"On my MacBook Air that's a possibility as it has only 4GB of RAM. But this is my portable computer, so I use it for less intensive tasks. Mainly a lot of Chrome browsers and occasionaly some Photoshop/Lightroom. Either way, with Yosemite the machine is performing much better than with El Capitan/Sierra."

    I would leave it on Yosemite, if it runs better.

    Go with "what works best".

    I wouldn't even worry about "the latest and greatest" OS -- I'd use the one that worked best for me.

    My opinion only.
    Others will disagree.
    Some will disagree vehemently.
     
  7. Yeroon, May 12, 2017
    Last edited: May 12, 2017

    Yeroon thread starter macrumors member

    Yeroon

    Joined:
    Jun 12, 2012
    #7
    Thank you all for your replies. Useful information and opinions! I downloaded Dr. Cleaner (thx zarathu!).

    And I've had some new findings. Let me give you an update. :)

    My MacBook Air (early 2014) is still running smoothly on Yosemite. Much better than with Sierra. The 4 GB RAM is at 80% most of the times, which is a concern, especially because it's not upgradable. But I haven't seen the beachball yet, so it seems to work out for now.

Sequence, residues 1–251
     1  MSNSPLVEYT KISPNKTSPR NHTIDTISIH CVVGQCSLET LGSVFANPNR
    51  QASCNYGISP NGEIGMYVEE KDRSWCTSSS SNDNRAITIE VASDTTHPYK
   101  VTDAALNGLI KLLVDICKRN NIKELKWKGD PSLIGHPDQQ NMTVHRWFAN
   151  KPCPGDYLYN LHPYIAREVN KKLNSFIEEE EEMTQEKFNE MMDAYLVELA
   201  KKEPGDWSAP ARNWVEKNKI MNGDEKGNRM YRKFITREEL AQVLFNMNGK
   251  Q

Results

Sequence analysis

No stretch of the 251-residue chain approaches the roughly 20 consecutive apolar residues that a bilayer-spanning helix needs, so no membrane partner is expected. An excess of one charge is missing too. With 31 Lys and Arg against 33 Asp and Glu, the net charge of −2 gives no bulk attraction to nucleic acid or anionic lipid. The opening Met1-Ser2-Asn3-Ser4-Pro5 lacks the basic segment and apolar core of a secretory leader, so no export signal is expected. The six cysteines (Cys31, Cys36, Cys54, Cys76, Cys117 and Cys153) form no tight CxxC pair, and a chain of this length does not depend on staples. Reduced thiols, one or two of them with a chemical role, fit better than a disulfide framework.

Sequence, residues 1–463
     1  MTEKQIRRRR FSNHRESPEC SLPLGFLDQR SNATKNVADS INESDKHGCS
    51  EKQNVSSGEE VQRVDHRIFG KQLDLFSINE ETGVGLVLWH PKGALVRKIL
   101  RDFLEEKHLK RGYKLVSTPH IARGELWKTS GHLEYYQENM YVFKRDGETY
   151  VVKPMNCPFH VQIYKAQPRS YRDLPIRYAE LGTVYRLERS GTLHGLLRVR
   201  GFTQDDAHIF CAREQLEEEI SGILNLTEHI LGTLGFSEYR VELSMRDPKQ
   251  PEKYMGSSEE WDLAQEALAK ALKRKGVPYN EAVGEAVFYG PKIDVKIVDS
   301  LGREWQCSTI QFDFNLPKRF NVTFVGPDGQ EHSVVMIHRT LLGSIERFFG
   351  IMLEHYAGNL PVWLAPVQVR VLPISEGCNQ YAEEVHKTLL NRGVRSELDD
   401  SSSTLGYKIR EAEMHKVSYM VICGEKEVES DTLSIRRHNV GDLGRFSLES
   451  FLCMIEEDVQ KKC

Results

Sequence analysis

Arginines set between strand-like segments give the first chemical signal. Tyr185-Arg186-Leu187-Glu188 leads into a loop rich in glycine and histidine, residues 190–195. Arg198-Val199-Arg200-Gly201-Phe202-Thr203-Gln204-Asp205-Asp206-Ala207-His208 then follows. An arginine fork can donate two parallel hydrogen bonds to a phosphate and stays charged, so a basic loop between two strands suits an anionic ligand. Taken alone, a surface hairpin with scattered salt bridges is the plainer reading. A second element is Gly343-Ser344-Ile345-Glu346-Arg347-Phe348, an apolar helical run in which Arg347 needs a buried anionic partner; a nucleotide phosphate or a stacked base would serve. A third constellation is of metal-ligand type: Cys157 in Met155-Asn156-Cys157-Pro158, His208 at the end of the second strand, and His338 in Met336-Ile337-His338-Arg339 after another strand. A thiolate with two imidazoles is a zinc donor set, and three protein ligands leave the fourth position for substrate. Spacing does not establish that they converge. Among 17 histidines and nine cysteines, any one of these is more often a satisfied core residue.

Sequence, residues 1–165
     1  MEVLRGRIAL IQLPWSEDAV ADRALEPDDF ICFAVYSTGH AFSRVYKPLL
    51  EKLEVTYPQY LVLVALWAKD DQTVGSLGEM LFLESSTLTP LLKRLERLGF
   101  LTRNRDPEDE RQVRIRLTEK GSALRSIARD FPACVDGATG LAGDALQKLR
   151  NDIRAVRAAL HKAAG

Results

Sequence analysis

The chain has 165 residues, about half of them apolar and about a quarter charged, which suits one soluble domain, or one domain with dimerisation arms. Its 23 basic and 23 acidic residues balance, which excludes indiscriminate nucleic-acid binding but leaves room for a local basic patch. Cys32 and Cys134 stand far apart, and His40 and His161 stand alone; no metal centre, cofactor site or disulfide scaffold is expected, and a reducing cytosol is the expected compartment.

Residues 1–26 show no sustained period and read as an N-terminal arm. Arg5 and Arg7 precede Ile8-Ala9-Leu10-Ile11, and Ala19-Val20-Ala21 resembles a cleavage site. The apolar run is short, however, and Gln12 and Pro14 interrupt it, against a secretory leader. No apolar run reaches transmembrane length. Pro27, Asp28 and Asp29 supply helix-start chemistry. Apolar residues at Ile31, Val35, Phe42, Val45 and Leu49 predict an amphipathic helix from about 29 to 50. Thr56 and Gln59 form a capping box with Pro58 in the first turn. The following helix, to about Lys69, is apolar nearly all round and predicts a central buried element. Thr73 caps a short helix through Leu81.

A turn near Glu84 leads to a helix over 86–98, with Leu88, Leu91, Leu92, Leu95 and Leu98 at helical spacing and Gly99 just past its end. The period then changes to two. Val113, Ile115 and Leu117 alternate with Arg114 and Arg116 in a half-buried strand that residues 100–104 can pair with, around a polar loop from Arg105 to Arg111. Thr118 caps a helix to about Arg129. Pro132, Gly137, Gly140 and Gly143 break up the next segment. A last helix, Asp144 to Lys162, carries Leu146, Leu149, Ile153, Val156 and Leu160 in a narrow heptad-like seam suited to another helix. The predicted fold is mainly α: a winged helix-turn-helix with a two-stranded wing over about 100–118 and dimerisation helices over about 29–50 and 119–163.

My iMac (late 2012, maxed, Sierra) is also working much better now. I freed up space on both the 'Macintosh HD' SSD and an external Thunderbolt drive (2x6GB RAID1). But I also discovered something else. I was checking my internal 1 TB SSD and Mac OS said it was working fine. However, it was performing poorly with BlackMagic Disk Speed Test. Like 15-35MB/s write speeds. It should do +-450MB/s. So I was investigating that and it appeared that TRIM was disabled. What I forgot to mention was that I installed the SSD myself (early 2014). And non-Apple SSD's are not using TRIM by default, which will slow it down fundamentally. Be aware: it can also be turned off after an OS update.

    I don't know if this was the problem, but so far my iMac has been running pretty good. I also ordered 16GB additional ram to upgrade the original 8GB RAM and get it from 24GB now to 32GB next week. Especially when running InDesign, Photoshop and Lightroom, this might help. :)

    Again, thanks for thinking with me.